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Guest column in the 11/1/05 Tomahawk Leader:
By E. Richard Simon Lincoln County Board Chair Supervisor District 21
The Lincoln County Board recently put an end to a long-standing dispute by paying a lump-sum settlement to the former Social Services Director, but not because it sought to hide something. In fact, the settlement was far less expensive than putting taxpayers and employees through an endless **** and cost of hearings – an ultimate cost that would likely be three times the dollars paid in the settlement.
The issue of voting and rescinding votes in the Social Service Committee is correct; however, the committee secretary and board vice-chair, Jim Alber (who was the lone dissenting vote on the committee) astutely filed his handwritten minutes with the County Clerk immediately after the meeting in question, so as not to jeopardize the county’s interests while the matter was pursued with the attorney general and until the minutes finally were corrected.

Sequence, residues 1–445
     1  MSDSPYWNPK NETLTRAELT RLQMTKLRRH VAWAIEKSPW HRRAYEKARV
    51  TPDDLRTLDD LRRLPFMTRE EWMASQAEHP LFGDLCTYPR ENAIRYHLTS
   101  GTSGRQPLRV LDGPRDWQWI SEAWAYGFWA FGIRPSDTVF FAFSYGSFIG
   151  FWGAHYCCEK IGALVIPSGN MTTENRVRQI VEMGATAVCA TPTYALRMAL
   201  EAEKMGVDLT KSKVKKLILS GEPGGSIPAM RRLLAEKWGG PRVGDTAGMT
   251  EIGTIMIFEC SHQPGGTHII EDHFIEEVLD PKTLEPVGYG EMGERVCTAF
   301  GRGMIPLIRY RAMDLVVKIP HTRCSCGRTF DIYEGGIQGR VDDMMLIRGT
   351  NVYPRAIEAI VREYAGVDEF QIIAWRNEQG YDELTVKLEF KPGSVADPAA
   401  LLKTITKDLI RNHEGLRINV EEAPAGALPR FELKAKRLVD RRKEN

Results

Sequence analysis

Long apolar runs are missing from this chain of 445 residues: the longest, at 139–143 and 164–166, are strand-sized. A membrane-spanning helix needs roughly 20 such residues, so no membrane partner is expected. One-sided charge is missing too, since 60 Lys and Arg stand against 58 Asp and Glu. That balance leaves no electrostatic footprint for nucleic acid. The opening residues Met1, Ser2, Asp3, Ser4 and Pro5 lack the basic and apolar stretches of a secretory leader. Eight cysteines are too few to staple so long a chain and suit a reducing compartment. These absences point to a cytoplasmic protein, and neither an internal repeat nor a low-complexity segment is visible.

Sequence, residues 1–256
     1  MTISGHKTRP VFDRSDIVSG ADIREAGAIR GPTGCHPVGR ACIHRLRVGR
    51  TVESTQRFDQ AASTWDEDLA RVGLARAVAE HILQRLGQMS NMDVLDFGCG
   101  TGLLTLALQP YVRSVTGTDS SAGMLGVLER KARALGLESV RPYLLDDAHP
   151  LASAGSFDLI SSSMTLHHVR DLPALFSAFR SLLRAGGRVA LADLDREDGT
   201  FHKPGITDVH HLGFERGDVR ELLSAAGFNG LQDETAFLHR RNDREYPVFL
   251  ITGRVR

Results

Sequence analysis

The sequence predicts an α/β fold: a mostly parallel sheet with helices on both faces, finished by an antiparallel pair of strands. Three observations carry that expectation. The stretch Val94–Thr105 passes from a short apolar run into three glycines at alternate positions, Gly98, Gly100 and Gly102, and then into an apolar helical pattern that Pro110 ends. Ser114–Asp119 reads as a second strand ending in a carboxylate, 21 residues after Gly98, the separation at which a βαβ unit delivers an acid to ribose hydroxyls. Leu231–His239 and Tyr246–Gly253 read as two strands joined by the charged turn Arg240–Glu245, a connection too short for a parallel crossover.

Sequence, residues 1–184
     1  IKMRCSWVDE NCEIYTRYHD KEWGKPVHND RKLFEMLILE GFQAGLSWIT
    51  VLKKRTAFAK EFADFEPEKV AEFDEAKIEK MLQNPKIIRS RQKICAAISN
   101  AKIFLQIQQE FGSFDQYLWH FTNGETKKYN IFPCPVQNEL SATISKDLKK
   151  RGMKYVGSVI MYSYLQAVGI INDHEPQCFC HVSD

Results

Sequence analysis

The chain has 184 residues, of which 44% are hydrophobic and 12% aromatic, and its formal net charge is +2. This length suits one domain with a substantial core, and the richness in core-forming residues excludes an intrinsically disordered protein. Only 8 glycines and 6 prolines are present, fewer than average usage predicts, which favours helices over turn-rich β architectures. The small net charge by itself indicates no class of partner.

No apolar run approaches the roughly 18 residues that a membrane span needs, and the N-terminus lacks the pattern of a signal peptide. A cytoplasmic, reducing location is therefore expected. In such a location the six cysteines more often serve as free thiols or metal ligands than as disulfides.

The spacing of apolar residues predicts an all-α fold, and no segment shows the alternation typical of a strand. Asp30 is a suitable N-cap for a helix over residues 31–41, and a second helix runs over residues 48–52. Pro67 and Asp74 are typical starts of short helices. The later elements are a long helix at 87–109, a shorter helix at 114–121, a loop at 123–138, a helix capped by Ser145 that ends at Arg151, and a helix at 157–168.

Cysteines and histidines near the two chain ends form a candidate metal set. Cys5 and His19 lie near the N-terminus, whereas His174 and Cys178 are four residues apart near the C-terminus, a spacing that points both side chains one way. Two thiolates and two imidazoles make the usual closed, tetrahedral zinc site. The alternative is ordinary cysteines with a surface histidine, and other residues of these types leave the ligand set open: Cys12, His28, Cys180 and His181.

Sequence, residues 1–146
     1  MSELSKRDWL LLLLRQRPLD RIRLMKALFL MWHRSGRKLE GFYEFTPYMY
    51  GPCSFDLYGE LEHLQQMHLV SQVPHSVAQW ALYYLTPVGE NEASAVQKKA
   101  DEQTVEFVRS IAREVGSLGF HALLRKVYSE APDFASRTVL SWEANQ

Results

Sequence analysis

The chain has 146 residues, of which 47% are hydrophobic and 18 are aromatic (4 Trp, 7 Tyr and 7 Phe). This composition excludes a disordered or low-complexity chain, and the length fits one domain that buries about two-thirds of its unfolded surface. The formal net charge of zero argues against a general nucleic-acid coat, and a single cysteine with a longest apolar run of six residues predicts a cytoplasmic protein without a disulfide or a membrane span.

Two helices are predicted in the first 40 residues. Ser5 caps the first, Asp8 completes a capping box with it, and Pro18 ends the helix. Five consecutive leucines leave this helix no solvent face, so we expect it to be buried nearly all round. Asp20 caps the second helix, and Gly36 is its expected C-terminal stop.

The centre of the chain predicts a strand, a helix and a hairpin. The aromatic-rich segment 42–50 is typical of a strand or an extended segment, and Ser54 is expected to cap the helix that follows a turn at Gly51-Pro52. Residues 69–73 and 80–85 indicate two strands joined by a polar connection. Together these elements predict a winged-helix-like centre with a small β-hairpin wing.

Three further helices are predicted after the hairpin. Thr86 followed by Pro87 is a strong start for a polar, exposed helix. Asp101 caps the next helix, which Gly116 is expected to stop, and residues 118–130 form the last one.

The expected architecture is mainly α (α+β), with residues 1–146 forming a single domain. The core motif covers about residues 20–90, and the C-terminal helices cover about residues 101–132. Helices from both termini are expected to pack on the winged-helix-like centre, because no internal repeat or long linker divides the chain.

While the majority of the Social Services Committee supported the former director in the due process matter, most board supervisors only wanted a fair, legal hearing and a finding on the matter. That is where we ran into state bureaucracy. There was nothing hidden or secretive, unless you are talking about state government, of course.
Hidden in the Wisconsin Statutes and supported by the opinion of former Attorney General Jim Doyle, was a contrived legislative/legal process that gives full power to a small social services committee of the board, or in some cases, to a volunteer citizen’s board – and takes away the rights of the Board of Supervisors and the citizens of the county, when it comes to Social Services directors’ appointment and approval.
Even county legal advisors disagree about the law and the process. Apparently, Madison believed that an elected board of supervisors would not protect the interests of social needs within the state, particularly in small population counties, so it effectively blocked Lincoln County’s right to adjudicate such matters by giving power to a small committee, instead. Of course, that practice doesn’t apply in large communities, like Dane or Milwaukee county.
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